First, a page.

by Sandy Keathley
While some people buying a first handgun may have learned to shoot without owning one (in the military, with family, or just taking a pistol class), it is likely that the majority of people shopping for their first gun are new to this world. The challenge for them is deciding what to buy, from the thousands of models available. They read articles, ads, and reviews online until they’re cross-eyed, go to a gun shop or a gun show, and talk to friends. Everyone they ask, friend or dealer, has a different opinion. The dealer may recommend what he has in stock; the friend will recommend what he shoots, but he may not have shot that many pistols. They are all different; all have upsides and downsides. What to do?
Why do you want a gun? Many people will recommend that you first decide the purpose for a gun. Common answers are “home defense”, “car/truck gun”, “concealed carry”, or even “protect sheep from wolves”. One lady told me she liked to hike in rough country, where she might encounter wolves or even bears. Those are mostly good candidates for a handgun. Protecting sheep from wolves, not so much. I would get a stout 30 cal bolt-action rifle with a scope for that. Actually, I would use a 1943 Soviet sniper rifle, but that’s just me.
Leaving that aside, the other reasons would steer you (or me) to different guns: a .357 Magnum revolver for the hiker, a 9mm or .380 sub-compact semi-auto for concealed carry, a .45 for the home, etc.
Learn to shoot first. I’m going to offer another, perhaps controversial, opinion. Small guns are more difficult to shoot for a beginner, for a variety of reasons. Light-weight guns, ditto. Larger calibers, like .40 cal or above, same answer. I would rather see someone get a full-size, fairly heavy 9mm pistol, maybe a 1911-style, one that is easier to shoot well. Learn to shoot it well, then, if the size is not appropriate for your purposes, get another. Does that mean getting two guns? Eventually, yes, I’m afraid so. The fact is, very few people have just one handgun, and many of the ones who do, have the wrong one (for them).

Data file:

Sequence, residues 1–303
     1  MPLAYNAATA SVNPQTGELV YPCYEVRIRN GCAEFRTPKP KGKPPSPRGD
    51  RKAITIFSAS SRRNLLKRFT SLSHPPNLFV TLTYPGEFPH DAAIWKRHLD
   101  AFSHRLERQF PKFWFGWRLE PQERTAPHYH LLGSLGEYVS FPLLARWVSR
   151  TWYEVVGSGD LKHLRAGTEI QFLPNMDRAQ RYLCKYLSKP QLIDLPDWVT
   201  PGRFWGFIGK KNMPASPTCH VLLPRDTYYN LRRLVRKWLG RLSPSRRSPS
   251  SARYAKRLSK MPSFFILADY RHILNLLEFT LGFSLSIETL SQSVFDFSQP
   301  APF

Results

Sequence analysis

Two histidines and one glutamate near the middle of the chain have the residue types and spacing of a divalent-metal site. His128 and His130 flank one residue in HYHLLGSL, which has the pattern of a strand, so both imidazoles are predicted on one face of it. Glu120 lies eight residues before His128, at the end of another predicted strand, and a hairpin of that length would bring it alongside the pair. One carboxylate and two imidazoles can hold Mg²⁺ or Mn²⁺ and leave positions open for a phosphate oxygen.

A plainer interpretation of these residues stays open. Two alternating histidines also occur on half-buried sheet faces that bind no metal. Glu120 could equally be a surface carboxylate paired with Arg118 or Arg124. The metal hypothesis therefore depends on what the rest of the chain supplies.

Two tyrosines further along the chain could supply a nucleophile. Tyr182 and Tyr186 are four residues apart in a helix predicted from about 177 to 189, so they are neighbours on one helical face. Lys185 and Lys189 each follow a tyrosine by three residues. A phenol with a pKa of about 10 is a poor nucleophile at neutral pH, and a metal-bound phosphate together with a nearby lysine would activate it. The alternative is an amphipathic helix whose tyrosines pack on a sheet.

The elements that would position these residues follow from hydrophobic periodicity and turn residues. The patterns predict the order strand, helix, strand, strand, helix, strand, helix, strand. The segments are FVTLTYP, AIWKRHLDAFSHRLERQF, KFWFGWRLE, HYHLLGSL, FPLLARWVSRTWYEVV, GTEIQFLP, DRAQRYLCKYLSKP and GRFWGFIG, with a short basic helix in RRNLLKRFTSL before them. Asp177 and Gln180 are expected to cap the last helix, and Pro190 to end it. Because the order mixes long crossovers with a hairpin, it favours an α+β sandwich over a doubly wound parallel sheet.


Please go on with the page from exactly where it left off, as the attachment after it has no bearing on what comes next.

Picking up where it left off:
Over-achiever. Call me an over-achiever, but being able to hit a man-sized target at 5 yards is not good enough for me. My goal was to hit a paper plate at 15 yards, and a man-sized target at 25 yards. Once there, with longer guns, then time to reset that goal with shorter guns.
Larger guns help smaller guns. Having recoil problems with your pocket .380? The best answer is to borrow or rent a .45 for an hour. Then the .380 will seem easy. That is the whole point of this essay. Learn to shoot first, with a gun that helps you, even if it is not suitable for your purposes. Then leverage that experience on to a gun that is. You will find it a much flatter learning curve.